Free of Pfizer, AM-Pharma raises €116M for phase 3

AM-Pharma CEO Erik van den Berg (AM-Pharma)

AM-Pharma has raised €116 million ($131 million) to run a pivotal clinical trial in sepsis-associated acute kidney injury (SA-AKI). The financing sets AM-Pharma up to advance recAP independently now that Pfizer has turned down its option to acquire the Dutch company.

Pfizer paid AM-Pharma $87.5 million in 2015 for a minority stake and option to acquire the rest of the company for $512.5 million following the publication of phase 2 data. AM-Pharma released the phase 2 data last year, generating evidence of long-term kidney function improvements and reduced mortality to offset the failure to hit the primary endpoint. But Pfizer opted to pass on the buyout.

That decision positioned AM-Pharma to remain in control of the asset, a recombinant human form of alkaline phosphatase, and start preparing for life as an independent, commercial-stage company.

Sponsored by BHE

[Webinar] State of Data Analytics and Machine Learning in the Life Sciences Industry: 2020 Benchmarking Survey

Thursday, June 25, 2020 | 2:00pm ET | 11:00am PT

Join us Thursday, June 25th for a look at the current state of analytics in the life sciences industry. We will present the results from our industry survey with FiercePharma on how 100 of your peers are leveraging data analytics to respond to today’s challenges and generate timely, high value insights.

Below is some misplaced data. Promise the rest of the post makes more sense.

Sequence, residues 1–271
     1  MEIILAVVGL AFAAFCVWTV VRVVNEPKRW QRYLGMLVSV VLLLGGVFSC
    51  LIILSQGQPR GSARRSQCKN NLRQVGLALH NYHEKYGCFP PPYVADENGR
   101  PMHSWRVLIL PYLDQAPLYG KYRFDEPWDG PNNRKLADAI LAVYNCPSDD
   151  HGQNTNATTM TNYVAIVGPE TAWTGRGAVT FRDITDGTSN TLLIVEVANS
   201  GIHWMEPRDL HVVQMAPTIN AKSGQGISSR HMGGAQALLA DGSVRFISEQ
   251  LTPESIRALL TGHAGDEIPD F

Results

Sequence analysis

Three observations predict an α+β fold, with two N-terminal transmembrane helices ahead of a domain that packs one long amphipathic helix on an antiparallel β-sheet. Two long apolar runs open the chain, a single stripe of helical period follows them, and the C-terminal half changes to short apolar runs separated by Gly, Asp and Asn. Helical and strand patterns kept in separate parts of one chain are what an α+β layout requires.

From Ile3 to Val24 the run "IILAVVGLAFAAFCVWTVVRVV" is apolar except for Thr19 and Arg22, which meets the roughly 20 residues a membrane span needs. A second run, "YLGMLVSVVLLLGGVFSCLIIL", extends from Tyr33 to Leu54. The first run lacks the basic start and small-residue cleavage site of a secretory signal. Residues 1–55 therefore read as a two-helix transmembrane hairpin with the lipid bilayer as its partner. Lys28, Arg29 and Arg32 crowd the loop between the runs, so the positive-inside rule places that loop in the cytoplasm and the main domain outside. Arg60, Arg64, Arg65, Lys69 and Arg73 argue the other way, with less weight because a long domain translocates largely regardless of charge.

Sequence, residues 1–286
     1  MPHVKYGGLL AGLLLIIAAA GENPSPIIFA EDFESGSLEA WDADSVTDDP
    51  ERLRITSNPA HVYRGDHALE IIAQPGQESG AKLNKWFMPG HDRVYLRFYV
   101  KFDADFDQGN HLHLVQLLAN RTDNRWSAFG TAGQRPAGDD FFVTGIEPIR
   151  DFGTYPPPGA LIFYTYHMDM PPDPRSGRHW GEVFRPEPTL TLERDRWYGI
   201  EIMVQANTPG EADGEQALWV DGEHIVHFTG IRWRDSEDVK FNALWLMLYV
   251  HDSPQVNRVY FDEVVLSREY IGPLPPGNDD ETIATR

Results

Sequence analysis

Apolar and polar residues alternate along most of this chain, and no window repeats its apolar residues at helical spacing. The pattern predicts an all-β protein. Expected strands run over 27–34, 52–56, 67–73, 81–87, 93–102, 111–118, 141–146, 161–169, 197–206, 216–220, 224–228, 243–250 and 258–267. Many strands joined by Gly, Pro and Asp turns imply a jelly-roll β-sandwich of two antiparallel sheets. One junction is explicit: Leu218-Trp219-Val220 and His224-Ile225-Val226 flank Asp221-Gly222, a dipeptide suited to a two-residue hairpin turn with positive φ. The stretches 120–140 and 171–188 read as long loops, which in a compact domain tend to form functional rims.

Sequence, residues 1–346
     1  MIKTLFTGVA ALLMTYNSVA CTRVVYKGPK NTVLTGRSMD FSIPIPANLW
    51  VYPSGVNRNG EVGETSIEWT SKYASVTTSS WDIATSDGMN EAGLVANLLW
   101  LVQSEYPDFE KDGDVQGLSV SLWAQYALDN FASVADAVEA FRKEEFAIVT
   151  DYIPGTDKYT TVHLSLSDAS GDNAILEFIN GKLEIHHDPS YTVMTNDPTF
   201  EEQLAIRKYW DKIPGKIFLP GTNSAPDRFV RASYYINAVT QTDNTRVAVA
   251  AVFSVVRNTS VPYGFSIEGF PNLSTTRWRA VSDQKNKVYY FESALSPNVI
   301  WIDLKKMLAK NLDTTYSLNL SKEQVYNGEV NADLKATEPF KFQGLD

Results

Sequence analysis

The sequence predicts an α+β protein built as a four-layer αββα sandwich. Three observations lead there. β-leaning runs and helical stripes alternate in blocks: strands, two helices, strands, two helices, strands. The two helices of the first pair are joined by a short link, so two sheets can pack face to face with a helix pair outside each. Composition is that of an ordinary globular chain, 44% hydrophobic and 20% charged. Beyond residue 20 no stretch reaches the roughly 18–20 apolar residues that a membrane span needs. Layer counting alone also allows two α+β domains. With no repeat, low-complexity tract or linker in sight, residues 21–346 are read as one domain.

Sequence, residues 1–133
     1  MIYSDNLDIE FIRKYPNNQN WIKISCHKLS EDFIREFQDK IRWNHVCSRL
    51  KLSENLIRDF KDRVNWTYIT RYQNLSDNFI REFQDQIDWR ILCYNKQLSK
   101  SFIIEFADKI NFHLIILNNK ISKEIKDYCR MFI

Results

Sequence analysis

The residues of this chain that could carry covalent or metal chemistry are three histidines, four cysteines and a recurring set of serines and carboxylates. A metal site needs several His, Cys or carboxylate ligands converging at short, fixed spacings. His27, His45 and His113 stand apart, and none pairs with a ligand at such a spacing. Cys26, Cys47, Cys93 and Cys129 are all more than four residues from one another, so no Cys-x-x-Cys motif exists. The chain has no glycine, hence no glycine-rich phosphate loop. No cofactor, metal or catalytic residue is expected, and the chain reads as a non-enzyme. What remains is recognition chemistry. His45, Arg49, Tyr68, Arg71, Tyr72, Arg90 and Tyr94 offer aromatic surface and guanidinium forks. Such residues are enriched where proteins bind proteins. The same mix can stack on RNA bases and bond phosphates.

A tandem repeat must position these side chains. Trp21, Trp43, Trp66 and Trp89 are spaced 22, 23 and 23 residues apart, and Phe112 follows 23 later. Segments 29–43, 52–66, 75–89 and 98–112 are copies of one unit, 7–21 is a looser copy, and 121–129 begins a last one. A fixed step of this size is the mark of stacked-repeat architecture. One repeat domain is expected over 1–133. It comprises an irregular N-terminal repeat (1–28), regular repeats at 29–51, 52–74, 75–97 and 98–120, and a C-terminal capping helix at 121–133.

New investors LSP and Andera Partners have moved AM-Pharma a step closer to realizing that vision by co-leading a €116 million investment. Existing investors Forbion, Ysios Capital, Kurma Partners, ID Invest Partners, BB Pureos Bioventures and Gilde Healthcare also returned for the latest round, giving AM-Pharma a syndicate of European investors capable of quickly putting together a sizable financing. 

"It went pretty fast, maybe just a bit more than half a year,” AM-Pharma CEO Erik van den Berg said. “It says something about the current climate of financing, especially around larger rounds. Maybe a couple of years ago this would not have been thinkable to do in Europe.”

Back then, a company in AM-Pharma’s position may have needed to enter into a partnership, attract significant investment from U.S. funds or go public. AM-Pharma considered an IPO but concluded a private round was the fastest way to get the money it needed. An IPO is a possibility if AM-Pharma needs to raise money in the future.

With AM-Pharma aiming to commercialize the drug itself, at least in some markets, the phase 3 data will dictate its future financing needs. AM-Pharma plans to start the phase 3 in the first half of next year. The trial will echo the design of the phase 2, which used a set of inclusion/exclusion criteria that van den Berg thinks enabled the enrollment of participants with modifiable disease. 

If the 1,400-subject phase 3 is a success, AM-Pharma has a shot at winning approval in Europe and the U.S. on the strength of the single pivotal study, reflecting the high mortality rate associated with SA-AKI and lack of drugs approved in the indication. 

Suggested Articles

The minimally invasive device developer Lumendi reported that its system was used to perform its first fully incisionless appendectomy.

Genor Biopharma banked $160 million from the likes of Hillhouse and Temasek Holdings to advance its clinical-stage autoimmune and cancer programs.

Going from being the CSO of Bristol Myers Squibb to running one of the biggest cancer research organizations in the world is a major career shift.